LANSING -- Nobody can deny that Rick Snyder has had near-astounding success in his first six months in office. Michigan's freshman governor, who took office without a day of experience in government, got virtually his entire agenda through the Legislature.
He even got his Republican colleagues to pass a new tax on pensions, roughly the equivalent of getting a convention of vegans to agree to serve standing rib roast at their annual banquet.
Yet he has failed so far to win lawmakers over on one key item: supporting a new bridge, what he now calls the New International Trade Crossing, over the Detroit River.
Canada wants the bridge, so much so it is willing to put up Michigan's share of the costs. Ford, General Motors, and Chrysler strongly favor the bridge, as do most chambers of commerce and business interests in the Detroit area. Republicans such as Oakland County Executive L. Brooks Patterson want the bridge.
The U.S. government clearly wants a new bridge. It agreed to allow Michigan to count the $550 million Canada has offered to cover as matching money for federal highway funds.
Washington is saying, in other words: Build the bridge, and Michigan will get $2 billion to use to fix and improve roads.
But the Michigan Senate isn't sold. The governor agreed to put a decision off until the fall, a clear sign that he didn't have a majority.
According to some accounts, Senate Majority Leader Randy Richardville (R., Monroe) is the only member of his party in the Senate on record as supporting the governor. Why the hesitation?
Granted, Ambassador Bridge owner Manuel Moroun has been spreading boatloads of campaign cash, and running nonstop television commercials that might charitably be described as taking liberties with the truth. But there's more to it than that.
If the governor wants some clues about why his campaign is stalled, he might talk to state Sen. Tonya Schuitmaker, one of the GOP's rising stars, who easily won a competitive district last year.
Ms. Schuitmaker is a charismatic 43-year-old who comes across as both driven and pleasantly ambitious. An attorney in practice with her father and husband before she was elected to the Legislature, she still lives in the family farmhouse in the town of Lawton, west of Kalamazoo, where she grew up.
Although she has solid conservative credentials, she isn't afraid to break with the majority on some issues.
She leads the subcommittee for appropriations for higher education, and wasn't happy about the size of the cuts colleges and universities took in the new state budget. She is more interested in public health than most others in her party. Unlike most Republicans, she voted against repealing the law that requires motorcyclists to wear helmets.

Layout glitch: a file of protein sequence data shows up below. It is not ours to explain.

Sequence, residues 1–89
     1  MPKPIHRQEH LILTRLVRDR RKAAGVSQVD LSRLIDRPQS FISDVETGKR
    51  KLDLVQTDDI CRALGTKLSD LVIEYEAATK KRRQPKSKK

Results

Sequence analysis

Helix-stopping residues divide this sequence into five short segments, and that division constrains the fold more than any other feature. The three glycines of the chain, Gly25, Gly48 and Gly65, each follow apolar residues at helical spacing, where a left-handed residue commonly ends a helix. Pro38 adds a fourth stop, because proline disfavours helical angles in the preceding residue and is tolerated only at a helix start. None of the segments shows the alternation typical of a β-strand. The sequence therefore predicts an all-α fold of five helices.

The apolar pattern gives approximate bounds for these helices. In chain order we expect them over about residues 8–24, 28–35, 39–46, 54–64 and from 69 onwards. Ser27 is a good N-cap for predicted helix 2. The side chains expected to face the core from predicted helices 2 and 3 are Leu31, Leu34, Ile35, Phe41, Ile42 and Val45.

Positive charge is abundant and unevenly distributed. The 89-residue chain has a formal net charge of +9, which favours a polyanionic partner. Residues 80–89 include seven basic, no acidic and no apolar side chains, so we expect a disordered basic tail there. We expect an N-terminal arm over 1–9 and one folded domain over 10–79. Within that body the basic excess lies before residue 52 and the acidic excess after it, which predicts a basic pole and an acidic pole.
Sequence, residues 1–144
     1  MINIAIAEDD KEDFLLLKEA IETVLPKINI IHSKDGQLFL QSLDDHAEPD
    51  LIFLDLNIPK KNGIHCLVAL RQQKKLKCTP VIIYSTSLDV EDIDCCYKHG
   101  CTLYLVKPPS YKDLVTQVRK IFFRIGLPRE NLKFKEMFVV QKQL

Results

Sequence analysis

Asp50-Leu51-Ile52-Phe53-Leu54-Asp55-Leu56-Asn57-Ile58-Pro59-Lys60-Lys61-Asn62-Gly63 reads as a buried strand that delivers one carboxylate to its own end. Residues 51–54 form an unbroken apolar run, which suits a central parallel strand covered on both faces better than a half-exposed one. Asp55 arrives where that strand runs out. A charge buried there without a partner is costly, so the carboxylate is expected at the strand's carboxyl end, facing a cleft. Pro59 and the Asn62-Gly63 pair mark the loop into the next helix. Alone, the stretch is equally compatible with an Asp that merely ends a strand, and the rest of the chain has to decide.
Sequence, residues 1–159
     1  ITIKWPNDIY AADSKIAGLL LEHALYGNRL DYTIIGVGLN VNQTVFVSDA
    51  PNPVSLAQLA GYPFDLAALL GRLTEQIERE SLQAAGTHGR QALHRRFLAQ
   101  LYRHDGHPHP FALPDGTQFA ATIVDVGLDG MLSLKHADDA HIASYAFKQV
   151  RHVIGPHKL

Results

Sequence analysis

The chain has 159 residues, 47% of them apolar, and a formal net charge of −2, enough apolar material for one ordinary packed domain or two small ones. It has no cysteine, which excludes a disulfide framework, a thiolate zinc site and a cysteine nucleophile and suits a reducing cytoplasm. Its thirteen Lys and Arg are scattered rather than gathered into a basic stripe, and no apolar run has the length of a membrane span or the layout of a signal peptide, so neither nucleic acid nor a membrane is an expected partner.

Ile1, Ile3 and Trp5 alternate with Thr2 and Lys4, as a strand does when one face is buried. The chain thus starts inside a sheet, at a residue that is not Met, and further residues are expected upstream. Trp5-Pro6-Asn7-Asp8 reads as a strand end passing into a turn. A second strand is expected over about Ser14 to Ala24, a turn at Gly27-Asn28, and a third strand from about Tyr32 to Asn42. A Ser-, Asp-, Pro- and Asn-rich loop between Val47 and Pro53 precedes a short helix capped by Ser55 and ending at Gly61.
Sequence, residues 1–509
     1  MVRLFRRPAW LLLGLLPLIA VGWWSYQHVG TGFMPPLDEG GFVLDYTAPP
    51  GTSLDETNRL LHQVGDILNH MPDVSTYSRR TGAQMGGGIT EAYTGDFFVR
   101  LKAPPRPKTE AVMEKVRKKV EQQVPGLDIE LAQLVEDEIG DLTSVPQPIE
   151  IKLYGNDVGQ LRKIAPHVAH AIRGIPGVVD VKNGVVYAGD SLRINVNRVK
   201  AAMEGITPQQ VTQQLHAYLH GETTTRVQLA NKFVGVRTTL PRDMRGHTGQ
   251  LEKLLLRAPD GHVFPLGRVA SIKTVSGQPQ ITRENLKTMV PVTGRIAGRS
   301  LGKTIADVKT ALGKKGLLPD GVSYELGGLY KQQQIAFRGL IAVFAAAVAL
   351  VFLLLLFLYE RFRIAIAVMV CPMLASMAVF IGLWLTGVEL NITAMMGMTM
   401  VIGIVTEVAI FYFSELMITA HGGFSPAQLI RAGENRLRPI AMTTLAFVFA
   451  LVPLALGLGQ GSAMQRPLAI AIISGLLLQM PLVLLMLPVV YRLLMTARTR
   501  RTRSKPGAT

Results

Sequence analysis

But on the bridge, she isn't sold.
"I'm not convinced that the need is there," she said, adding that she is against taxpayer dollars funding the bridge, which is seen as a public-private partnership.
Reminded that the governor has vowed that no taxpayer money would be used, she said: "He says that, yes, but I hear arguments from the other side talking about 'community benefits'." She worries that this means tax dollars would be spent for nearby neighborhoods, though no one has proposed that.
Nor has she ever visited the largely dilapidated Delray community in southwest Detroit, where the bridge would empty out on the U.S. side.
Far more telling, however, is what Ms. Schuitmaker said she recently told her local chamber of commerce.
"I have yet to hear one business in my district call and tell me this bridge is crucial for international trade," Ms. Schuitmaker said. "While it may make sense for business on the eastern side of the state, in my district, well … ."
The major automakers say a new bridge is essential. But the auto industry has little presence in Kalamazoo and Van Buren counties, where metropolitan Detroit and its problems and concerns often seem a somewhat frightening world away.
Like many other legislators, Ms. Schuitmaker has accepted a few small political contributions from one inhabitant of that world, Mr. Moroun. He donated $1,000 to her Senate race last year.
She also has been pressured to oppose the bridge by Americans for Prosperity, which she laughingly indicated she knew was a front for the Ambassador Bridge owner.
Still, she says: "I'm reserving judgment; I'm keeping an open mind."
Governor Snyder strongly believes a new bridge is essential to the prosperity of the entire state. But it is clear that, so far, he has failed to persuade many of his colleagues. If he is to win approval for the bridge, he needs to do a much better job of convincing the Legislature that this is so.
Jack Lessenberry, a member of the journalism faculty at Wayne State University in Detroit and The Blade's ombudsman, writes on issues and people in Michigan.
Contact him at: firstname.lastname@example.org
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